Stalk Borer

Stalk borer (Busseola fusca) is the most important insect pest to most cereal crops e.g., maize in Africa, especially in Kenya. It belongs to the Noctuidae family of moths, which includes the cutworms and armyworms. As the name indicates, the larva of the stalk borer bores into the stalk/stem of the host plant and feeds within the plant.

Stalk borer (Busseola fusca) is the most important insect pest to most cereal crops e.g., maize in Africa, especially in Kenya. It belongs to the Noctuidae family of moths, which includes the cutworms and armyworms. As the name indicates, the larva of the stalk borer bores into the stalk/stem of the host plant and feeds within the plant.

Host Range

This pest attacks cereal crops. These include the following;

  • Maize
  • Sorghum
  • Sugarcane
  • Rice
  • Finger millet
  • Thick stemmed grass, e.g. Napier grass

Life Cycle

Eggs are laid in a single column on the stem under the leaf sheaths and hatch after about 10 days into larvae. There are 6 larval instars. These instars migrate to the whorls and begin feeding. Usually, only one larva is found per stem because they are cannibalistic.  Larvae mature in about 35 days after, then pupate in the stem. The pupae live for about 2-3weeks and turn to adults.

In a conducive environmental, the life cycle of this insect can take 7-8weeks.

Identification

  • Eggs– are spherical and light yellow in colour. They are characterized by about 70 radial ridges on their upper surface.
  • Larvae– the young larvae are usually dark brown or black in colour. Later, they turn creamish white with a gray or pink tint. A mature larva is about 40mm long and has black spots along the body.
  • Pupae-these are about 25mm long and shiny yellow brown to dark brown in colour. Usually, the females are bigger than the males, are found within the stem and have a plain pair of plain spines on their terminal cremaster.
  • Adults– they are dark brown, with patterned forewings and white to gray brown hind wings. They have a wing span of approximately 25-40mm. The females are bigger than the males and can lay up to 1000 eggs in a lifetime.

Feeding and Damage

The most destructive stage of the insect is the larval stage. Larvae have a biting and chewing mode of feeding. They feed on the terminal leaf whorls leading to production of a characteristic pattern of small holes. As infestation progresses, they invade the growing points causing dead hearts, whereby the central leaves dry and wither. The older larvae tunnel in the stem. As they feed, they weaken the stem causing it to break. They also tunnel into maize cobs, millet inflorescences and sorghum peduncles leading to significant damages.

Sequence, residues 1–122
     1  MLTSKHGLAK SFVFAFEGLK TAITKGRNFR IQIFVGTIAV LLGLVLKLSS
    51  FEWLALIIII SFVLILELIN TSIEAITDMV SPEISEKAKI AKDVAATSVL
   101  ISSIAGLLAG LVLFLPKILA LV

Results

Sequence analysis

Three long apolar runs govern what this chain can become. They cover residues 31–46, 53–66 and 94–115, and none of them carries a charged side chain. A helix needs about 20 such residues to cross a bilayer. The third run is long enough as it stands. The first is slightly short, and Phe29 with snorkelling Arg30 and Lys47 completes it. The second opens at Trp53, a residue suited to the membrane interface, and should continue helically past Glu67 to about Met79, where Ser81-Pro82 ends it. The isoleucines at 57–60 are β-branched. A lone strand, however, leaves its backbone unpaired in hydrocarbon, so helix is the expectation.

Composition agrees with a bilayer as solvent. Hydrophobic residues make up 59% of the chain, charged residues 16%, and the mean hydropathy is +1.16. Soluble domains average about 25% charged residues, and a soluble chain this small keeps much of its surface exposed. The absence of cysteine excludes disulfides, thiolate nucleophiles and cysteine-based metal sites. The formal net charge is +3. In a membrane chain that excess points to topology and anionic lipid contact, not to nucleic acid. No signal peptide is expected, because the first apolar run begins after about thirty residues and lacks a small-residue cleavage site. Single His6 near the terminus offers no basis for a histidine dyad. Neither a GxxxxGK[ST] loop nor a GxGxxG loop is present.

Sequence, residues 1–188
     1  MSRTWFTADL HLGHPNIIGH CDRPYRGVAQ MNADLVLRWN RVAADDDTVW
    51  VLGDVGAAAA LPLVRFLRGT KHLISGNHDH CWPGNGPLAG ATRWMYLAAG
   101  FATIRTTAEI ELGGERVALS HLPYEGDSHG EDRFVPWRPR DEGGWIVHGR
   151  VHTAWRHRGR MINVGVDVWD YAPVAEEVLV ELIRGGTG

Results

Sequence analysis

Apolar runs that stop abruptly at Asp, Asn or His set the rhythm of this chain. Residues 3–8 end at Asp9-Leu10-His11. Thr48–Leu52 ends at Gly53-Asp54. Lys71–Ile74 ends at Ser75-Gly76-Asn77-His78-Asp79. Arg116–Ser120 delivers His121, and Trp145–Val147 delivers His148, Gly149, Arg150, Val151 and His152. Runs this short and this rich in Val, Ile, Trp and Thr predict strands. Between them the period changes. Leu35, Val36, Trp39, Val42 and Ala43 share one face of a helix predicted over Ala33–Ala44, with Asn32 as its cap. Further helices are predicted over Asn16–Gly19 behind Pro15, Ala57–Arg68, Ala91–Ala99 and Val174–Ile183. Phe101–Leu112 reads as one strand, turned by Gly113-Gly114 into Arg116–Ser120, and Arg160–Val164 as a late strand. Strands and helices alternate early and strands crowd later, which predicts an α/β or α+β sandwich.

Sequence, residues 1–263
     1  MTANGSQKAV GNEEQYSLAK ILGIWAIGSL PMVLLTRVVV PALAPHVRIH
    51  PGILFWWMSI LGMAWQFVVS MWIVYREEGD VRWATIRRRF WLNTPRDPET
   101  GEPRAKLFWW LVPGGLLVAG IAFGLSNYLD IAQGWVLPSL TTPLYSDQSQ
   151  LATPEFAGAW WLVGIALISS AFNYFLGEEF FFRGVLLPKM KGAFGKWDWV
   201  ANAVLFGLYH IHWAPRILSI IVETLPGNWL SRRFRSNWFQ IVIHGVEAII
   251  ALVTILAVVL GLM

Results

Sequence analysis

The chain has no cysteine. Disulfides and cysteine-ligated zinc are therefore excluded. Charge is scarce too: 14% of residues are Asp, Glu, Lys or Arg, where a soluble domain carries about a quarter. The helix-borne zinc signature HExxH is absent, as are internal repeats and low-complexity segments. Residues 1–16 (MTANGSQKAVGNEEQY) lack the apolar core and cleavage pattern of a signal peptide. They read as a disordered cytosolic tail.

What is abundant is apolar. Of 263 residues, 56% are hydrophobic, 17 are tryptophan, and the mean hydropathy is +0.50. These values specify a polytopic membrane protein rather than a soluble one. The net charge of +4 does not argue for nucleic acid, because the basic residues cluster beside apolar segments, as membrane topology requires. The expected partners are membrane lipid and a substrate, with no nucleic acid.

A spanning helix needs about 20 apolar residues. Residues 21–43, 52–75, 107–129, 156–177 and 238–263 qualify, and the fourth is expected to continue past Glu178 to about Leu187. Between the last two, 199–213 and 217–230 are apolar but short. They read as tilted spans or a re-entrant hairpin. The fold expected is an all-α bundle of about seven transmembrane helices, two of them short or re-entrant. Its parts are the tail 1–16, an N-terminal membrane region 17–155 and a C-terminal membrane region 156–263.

Damage is very critical when the growing points of young plants are damaged completely, when stems have been bored extensively and when the larvae feed on the inflorescences, cobs, etc.

Infested parts facilitate infection by other pathogens like fungi.

Yield losses attributed to stalk borers areas high as about 40%.

Survival

A stalk borer has the capability to over winter and can thus live for relatively longer periods. In no till fields, they stay in grass stems. The adult larva can hibernate at the base of the stem during unfavourable conditions and emerge later. This insect can thus survive varied climatic conditions. The wide host range also gives a survival advantage to this insect pest.

Management

Infestations by stalk borers causes significant losses. It is therefore of great importance to control this pest in order to avoid these losses.

Various ways can be employed in the management and control of this insect pest. However, the most effective method is the use of chemicals (insecticides).

Therefore, to get rid of stalk borers, the following insecticides are highly recommended;

  • Kingcode Elite 10ml/20l
  • Lexus 8ml/20l
  • Pentagon 10ml/20l

NB; Always mix the insecticide with Integra 3ml/20l whenever spraying. This improves the efficacy of the product. It is a sticker, spreader and penetrant.

Other methods include

  • Practicing crop protection with non-host plants
  • Intercropping
  • Maintaining field hygiene
  • Proper weed management in order to ensure the insect cannot hide in the weeds

Last updated on Sunday, March 12, 2023 at 8:01 pm

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